No means no, especially when it comes to dumping nuclear waste, write Dr Jim Green and Sister Michele Madigan.
The federal government recently announced that it plans to establish a national nuclear waste ‘facility’ near Kimba, on South Australia’s Eyre Peninsula. It will comprise a permanent dump for low-level nuclear waste, and an ‘interim’ store for long-lived intermediate-level waste.
Shamefully, the federal government has decided to move ahead despite the unanimous opposition of the Barngarla Traditional Owners, native title holders over the area.
The federal government refused a request from the Barngarla Determination Aboriginal Corporation (BDAC) to include Traditional Owners in a community ballot held last year. So BDAC initiated a legal action protesting their exclusion. The court case is ongoing and an outcome is expected soon.
BDAC also engaged the Australian Election Company to conduct a confidential postal ballot. Not a single Barngarla Traditional Owner voted in favour of the dump.
BDAC wrote to the government calling for the dump proposal to be abandoned in light of their unanimous opposition, and stating that BDAC will take whatever steps are necessary to stop it being imposed on Barngarla Country against their will.
The National Radioactive Waste Management Act systematically discriminates against Australia’s First Nations. For example, the nomination of a site for a nuclear dump is valid even if Aboriginal Traditional Owners were not consulted and did not give consent.
And the Act has sections which nullify or curtail the application of laws such as the Aboriginal and Torres Strait Islander Heritage Protection Act 1984, and the Native Title Act 1993.
The federal government recently announced that it plans to amend the Waste Management Act. While the Act is sorely in need of an overhaul, the planned amendments aren’t those that are needed. Clauses in the Act that dispossess and disempower Traditional Owners will remain untouched.
The South Australian Labor Party argues that Traditional Owners ought to have a right of veto over nuclear projects, given the sad and sorry history of the nuclear industry in SA, stretching back to the British atomic bomb tests in the 1950s.
Deputy Leader of the Opposition Susan Close says that SA Labor is “utterly opposed” to the “appalling” process which led to the recent announcement regarding the Kimba site.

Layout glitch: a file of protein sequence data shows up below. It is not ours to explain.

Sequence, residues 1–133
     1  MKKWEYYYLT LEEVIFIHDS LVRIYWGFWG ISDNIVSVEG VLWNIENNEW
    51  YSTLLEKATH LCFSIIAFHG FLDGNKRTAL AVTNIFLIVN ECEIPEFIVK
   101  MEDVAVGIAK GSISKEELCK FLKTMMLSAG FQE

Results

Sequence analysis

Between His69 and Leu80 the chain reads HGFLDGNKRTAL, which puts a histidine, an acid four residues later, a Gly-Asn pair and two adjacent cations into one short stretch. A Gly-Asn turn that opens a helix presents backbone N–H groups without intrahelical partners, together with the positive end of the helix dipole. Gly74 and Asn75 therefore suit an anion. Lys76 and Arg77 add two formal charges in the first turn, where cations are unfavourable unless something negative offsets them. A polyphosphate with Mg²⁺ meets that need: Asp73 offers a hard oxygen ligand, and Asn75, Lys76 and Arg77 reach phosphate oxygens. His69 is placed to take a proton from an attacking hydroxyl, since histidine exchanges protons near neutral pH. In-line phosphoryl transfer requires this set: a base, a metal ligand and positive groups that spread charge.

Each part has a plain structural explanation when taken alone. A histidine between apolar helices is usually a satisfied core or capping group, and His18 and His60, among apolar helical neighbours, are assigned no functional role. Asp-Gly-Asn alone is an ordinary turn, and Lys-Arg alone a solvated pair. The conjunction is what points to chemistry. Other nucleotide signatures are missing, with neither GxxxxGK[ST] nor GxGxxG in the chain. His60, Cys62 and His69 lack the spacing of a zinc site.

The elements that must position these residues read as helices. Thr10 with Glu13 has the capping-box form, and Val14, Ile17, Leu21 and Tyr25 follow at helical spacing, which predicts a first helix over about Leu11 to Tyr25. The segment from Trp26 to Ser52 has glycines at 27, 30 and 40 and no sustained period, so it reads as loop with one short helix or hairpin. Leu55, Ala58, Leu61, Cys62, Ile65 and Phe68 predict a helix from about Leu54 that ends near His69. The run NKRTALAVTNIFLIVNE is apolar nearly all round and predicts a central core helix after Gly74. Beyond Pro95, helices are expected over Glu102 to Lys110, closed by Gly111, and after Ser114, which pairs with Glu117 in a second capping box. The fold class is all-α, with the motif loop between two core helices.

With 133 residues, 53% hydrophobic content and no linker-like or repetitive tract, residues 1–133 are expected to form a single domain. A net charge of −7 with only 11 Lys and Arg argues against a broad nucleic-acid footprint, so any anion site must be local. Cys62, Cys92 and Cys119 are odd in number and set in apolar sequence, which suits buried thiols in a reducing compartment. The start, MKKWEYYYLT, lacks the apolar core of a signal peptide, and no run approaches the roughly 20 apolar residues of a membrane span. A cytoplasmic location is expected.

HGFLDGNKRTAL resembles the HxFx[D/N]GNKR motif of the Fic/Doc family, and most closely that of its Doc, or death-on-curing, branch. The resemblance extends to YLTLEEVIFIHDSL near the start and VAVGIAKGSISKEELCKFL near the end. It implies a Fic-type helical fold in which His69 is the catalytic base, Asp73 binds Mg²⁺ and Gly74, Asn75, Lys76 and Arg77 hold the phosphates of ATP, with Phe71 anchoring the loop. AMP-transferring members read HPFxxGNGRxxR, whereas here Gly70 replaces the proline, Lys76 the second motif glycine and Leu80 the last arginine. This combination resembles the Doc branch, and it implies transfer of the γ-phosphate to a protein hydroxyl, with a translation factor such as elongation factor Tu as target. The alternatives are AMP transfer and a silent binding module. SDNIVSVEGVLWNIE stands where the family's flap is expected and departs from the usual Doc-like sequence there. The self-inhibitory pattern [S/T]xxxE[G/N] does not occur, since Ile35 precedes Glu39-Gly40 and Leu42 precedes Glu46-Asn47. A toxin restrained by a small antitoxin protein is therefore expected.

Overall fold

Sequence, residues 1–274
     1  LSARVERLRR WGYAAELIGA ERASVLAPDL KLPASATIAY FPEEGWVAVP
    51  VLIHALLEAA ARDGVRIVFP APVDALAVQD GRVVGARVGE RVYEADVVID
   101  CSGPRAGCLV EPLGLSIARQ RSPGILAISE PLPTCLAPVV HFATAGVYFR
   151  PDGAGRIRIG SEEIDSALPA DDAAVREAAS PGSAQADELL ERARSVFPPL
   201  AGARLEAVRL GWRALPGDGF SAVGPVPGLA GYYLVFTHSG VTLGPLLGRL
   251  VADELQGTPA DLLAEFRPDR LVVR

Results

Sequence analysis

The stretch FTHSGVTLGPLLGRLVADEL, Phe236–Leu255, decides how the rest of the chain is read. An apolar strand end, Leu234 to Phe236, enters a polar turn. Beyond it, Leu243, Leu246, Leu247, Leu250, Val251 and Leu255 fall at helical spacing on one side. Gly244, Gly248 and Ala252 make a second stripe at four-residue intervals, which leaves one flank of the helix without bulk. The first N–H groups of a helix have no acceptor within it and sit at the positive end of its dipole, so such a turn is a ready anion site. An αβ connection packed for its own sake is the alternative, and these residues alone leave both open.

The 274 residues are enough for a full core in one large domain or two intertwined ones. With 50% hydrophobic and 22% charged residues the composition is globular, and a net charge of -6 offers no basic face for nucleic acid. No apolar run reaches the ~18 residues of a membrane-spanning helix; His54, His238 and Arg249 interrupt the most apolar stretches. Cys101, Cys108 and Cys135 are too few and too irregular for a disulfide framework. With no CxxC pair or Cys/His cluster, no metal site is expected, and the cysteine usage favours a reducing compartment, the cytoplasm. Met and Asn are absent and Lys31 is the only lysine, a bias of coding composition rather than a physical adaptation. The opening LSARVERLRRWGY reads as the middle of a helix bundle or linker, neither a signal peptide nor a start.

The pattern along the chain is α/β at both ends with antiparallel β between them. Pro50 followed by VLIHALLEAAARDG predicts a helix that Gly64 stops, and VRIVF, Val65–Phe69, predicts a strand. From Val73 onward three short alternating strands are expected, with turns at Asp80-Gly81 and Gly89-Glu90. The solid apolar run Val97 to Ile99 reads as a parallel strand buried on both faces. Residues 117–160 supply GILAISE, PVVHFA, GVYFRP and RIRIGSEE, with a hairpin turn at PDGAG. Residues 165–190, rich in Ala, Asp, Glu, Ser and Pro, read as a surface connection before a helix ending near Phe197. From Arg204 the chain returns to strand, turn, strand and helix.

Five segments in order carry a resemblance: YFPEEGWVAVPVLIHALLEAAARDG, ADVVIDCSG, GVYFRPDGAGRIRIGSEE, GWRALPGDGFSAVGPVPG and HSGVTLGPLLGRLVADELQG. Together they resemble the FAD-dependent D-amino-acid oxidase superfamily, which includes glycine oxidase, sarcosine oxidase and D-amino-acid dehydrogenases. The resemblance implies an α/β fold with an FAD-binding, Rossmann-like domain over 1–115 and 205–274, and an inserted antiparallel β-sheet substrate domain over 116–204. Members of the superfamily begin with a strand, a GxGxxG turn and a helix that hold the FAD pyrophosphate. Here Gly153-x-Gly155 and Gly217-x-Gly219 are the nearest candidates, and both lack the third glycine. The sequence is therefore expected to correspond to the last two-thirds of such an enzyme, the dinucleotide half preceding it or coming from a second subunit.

Compare that to the federal government, whose mindset seems not to have advanced from the ‘Aboriginal natives shall not be counted’ clause in the Constitution Act 1900.
As Barngarla Traditional Owner Jeanne Miller says, Aboriginal people with no voting power are put back 50 years, “again classed as flora and fauna”.
The current debate follows a history of similar proposals ‒ all of them defeated, with Traditional Owners repeatedly leading successful campaigns.
In 2004, after a six-year battle, the Howard government abandoned plans for a national nuclear waste dump in SA. The Kupa Piti Kungka Tjuta ‒ a senior Aboriginal women’s council ‒ congratulated the government for belatedly getting their ‘ears out of their pockets’.
In 2016, the plan to import high-level nuclear waste from around the world was abandoned after a Citizens’ Jury noted the lack of Aboriginal consent and concluded that “the government should accept that the Elders have said NO and stop ignoring their opinions”.
And last year, the federal government abandoned plans for a national nuclear dump in the Flinders Ranges, a plan that was fiercely contested by Adnyamathanha Traditional Owners.
SA Premier Steven Marshall is rightly proud of his record promoting the growth of renewable energy in SA. And he’s proud of his significant role in putting an end to the plan to import high-level nuclear waste from around the world.
So where will the Premier ‒ whose portfolio includes Aboriginal Affairs and Reconciliation ‒ stand on this latest nuclear controversy? He needs, as the Kungkas put it, to get his ears out of his pockets and to respect the unanimous opposition of the Barngarla First Nation.
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